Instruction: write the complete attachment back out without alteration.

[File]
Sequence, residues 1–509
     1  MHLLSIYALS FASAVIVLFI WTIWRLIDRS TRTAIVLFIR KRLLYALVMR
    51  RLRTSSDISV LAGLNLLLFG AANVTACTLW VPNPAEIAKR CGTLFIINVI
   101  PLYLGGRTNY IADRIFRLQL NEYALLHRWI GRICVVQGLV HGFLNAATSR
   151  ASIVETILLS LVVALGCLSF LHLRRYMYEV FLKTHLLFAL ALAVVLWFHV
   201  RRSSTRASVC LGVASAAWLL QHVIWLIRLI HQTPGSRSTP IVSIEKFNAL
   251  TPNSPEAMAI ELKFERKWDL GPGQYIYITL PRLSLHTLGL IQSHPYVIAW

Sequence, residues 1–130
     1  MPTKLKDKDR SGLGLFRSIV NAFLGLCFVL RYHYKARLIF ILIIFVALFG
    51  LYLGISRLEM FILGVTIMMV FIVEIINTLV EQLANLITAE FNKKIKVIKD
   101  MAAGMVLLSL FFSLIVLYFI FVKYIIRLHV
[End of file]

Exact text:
Sequence, residues 1–509
     1  MHLLSIYALS FASAVIVLFI WTIWRLIDRS TRTAIVLFIR KRLLYALVMR
    51  RLRTSSDISV LAGLNLLLFG AANVTACTLW VPNPAEIAKR CGTLFIINVI
   101  PLYLGGRTNY IADRIFRLQL NEYALLHRWI GRICVVQGLV HGFLNAATSR
   151  ASIVETILLS LVVALGCLSF LHLRRYMYEV FLKTHLLFAL ALAVVLWFHV
   201  RRSSTRASVC LGVASAAWLL QHVIWLIRLI HQTPGSRSTP IVSIEKFNAL
   251  TPNSPEAMAI ELKFERKWDL GPGQYIYITL PRLSLHTLGL IQSHPYVIAW

Sequence, residues 1–130
     1  MPTKLKDKDR SGLGLFRSIV NAFLGLCFVL RYHYKARLIF ILIIFVALFG
    51  LYLGISRLEM FILGVTIMMV FIVEIINTLV EQLANLITAE FNKKIKVIKD
   101  MAAGMVLLSL FFSLIVLYFI FVKYIIRLHV